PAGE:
Friday, May 4, 2012

Remembering Shamus

Many years ago, we had a dog named Shamus.  She was a female Black Lab/Golden Retriever mix that we adopted from our base housing neighbors down the street when my husband was in Naval flight training in Beeville, TX.  (If you're curious about how she got her odd name, you can check out a post from March 30, 2011, called "The Feast of St. Fergus.")

I say "we" adopted her, but actually I adopted her--behind my husband's back, before he'd given the okay.  I think if he could have stopped me, he would have; but in a truly ninja-like stealth move, I brought her over to our house for a quick visit when she was a tiny black ball of fur (the runt of the litter, and not even weaned from her mother yet) and informed him that she was to be his birthday present.  Ta da!  When I presented Mr. "We are never getting a dog"  with that little puppy, who was quivering with fear and just so shy and adorable, and he held her in his lap...well, that was all she wrote.  He would have felt like he had a heart of stone if he turned down my offer of the best birthday present EVER!  I had to return Shamus to her mother that day; but before long we brought her home for good.  And as we hadn't started having babies yet--and I was in dire need of some needy creature on which to hone my mothering skills--she became our first "baby."

Shamus was not one of those puppies that chews and destroys things, but she did have an over-abundance of puppy energy (which she never lost in the five years she was with us).  She had the sweetest disposition--very much like that of my middle son's wonderful dog, Allie.  Shamus could fetch a ball like nobody's business, she could run like a greyhound, she could jump up and catch a Frisbee with her front paws (I'm not lying), and she was a born hunter, which is not surprising given her Lab/Retriever heritage.  We went camping with Shamus once, when I was pregnant with our first son, and she swam all over the lake trying to catch a duck.  That duck was just messing with her, I think, because it never took to flight; it just kept swimming along with Shamus dog-paddling like crazy behind it.  We had to call Shamus back, because we thought she might tucker herself out and drown--and seriously, she was never going to catch that duck.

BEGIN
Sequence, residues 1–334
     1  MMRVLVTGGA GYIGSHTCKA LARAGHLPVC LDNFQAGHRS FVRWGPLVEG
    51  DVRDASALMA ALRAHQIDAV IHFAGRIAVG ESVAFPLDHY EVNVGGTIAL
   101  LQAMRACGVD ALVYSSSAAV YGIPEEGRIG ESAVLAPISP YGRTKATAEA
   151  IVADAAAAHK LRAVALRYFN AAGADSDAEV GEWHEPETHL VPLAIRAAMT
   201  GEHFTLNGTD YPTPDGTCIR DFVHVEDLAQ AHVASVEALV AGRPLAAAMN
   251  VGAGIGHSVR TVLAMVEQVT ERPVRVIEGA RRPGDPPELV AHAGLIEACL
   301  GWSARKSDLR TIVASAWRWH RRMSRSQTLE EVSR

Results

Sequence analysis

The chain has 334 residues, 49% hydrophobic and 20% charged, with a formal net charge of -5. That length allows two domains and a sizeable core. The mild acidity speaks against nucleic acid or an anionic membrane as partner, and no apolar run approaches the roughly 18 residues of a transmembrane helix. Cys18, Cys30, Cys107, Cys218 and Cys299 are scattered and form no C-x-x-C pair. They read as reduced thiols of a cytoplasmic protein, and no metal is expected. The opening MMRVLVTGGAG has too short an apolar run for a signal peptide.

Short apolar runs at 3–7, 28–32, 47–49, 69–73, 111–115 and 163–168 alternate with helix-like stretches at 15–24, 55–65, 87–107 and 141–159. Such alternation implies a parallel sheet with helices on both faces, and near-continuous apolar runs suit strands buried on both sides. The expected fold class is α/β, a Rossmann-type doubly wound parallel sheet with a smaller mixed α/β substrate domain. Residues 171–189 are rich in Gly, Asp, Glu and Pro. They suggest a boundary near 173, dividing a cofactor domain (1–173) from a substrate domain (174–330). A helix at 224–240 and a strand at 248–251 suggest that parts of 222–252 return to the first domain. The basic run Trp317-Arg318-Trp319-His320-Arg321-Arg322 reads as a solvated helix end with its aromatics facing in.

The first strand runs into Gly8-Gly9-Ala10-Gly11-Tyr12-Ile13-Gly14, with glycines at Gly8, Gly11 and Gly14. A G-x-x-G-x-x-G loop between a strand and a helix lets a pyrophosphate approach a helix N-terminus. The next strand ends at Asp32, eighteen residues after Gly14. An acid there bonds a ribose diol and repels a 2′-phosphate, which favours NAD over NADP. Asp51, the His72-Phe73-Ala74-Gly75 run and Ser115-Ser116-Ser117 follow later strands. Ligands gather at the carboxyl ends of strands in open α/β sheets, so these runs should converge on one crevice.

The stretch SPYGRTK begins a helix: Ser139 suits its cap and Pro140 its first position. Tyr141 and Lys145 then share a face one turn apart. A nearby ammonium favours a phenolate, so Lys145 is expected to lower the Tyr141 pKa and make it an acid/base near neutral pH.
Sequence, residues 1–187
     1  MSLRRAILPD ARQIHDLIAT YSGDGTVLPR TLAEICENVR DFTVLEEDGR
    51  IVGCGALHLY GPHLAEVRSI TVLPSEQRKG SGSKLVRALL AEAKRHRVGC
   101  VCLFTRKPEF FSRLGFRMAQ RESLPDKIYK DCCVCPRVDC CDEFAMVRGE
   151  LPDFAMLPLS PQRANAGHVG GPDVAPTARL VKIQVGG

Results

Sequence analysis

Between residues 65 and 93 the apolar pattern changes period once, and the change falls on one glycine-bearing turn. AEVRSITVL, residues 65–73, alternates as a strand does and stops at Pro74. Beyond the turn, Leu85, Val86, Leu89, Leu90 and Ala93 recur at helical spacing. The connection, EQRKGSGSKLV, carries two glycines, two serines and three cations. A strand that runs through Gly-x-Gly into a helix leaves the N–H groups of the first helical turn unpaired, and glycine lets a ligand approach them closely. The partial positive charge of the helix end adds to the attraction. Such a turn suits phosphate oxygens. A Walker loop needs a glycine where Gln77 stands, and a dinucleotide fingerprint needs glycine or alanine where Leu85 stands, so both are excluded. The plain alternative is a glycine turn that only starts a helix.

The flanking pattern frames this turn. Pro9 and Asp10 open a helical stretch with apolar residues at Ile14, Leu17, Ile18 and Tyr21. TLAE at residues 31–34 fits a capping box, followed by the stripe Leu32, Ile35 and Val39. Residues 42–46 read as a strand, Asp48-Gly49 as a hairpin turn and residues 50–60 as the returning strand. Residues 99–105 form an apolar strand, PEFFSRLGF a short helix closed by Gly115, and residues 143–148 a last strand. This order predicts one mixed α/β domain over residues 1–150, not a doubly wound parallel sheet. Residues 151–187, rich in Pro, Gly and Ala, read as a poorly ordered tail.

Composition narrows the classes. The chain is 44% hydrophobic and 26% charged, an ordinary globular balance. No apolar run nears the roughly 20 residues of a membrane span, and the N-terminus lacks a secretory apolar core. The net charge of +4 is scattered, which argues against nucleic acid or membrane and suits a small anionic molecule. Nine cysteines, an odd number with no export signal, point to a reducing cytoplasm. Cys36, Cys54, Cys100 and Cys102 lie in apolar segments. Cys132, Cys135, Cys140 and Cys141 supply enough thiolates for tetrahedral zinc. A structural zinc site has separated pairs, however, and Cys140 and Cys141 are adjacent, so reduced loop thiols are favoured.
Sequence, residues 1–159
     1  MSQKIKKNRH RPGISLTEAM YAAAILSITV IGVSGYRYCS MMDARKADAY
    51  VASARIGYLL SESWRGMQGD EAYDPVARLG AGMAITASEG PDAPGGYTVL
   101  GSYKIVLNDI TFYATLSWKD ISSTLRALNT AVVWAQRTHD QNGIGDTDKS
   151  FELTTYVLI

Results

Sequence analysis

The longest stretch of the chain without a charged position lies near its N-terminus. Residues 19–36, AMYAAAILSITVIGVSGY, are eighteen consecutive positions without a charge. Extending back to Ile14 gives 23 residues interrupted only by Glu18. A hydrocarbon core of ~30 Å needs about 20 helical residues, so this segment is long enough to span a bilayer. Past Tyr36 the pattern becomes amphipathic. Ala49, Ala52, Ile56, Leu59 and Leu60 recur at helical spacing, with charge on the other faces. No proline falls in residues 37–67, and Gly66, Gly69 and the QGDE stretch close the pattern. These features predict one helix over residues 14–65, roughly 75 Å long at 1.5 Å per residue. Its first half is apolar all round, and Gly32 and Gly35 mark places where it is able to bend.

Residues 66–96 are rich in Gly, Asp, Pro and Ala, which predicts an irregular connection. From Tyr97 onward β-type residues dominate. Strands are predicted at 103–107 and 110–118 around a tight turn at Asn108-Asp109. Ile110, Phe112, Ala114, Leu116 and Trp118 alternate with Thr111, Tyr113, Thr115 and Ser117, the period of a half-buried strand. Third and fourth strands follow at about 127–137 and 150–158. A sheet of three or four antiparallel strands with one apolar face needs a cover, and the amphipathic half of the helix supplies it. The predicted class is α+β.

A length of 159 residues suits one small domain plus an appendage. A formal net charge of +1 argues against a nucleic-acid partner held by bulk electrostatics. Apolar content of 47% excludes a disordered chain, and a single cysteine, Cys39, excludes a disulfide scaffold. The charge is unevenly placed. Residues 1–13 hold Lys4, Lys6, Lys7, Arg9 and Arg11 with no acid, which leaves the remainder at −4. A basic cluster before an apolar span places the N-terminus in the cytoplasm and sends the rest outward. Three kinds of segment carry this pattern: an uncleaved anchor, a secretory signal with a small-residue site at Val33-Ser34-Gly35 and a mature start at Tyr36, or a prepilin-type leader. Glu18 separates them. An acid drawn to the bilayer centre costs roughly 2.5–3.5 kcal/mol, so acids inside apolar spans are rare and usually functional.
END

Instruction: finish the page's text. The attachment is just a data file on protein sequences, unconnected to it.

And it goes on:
We started out having strict rules about Shamus never being allowed up on the furniture, except on an old chair we'd bought for her at the Salvation Army and kept in our bedroom.  Every night when my husband and I would turn in, she would obediently follow us into the room and hop up on her chair.  But my husband was often gone for weeks at a time, you understand, doing training exercises in the desert and whatnot...and I got lonely sleeping all by myself in my big old I found a bit of wiggle room in the rules.  And you know, while the cat's away and all that. So once, when my husband had just returned from one of his two-week detachments and bedtime rolled around, Shamus dove onto our bed as if she did it every night; and my husband looked at me and said, "Wait a minute...what has been going on around here?!"  The second Shamus heard his tone, she leapt off the bed and got up on her chair, looking at me as if to say, "But Mom, you said it was okay."  Oh man, the jig was up!  We mice were busted.  But I've said this before, and I'll say it again: my husband can be a marshmallow, especially when it comes to me.  (I need to remember to use this power I have over him only for good.)  And for a long time after that night, Shamus slept with us at the foot of the bed.  We finally had to put the kibosh on that routine, though, when we kept waking up in the morning with a black snout between us on the pillows.  Even I knew it was time to send her back to her chair at that point.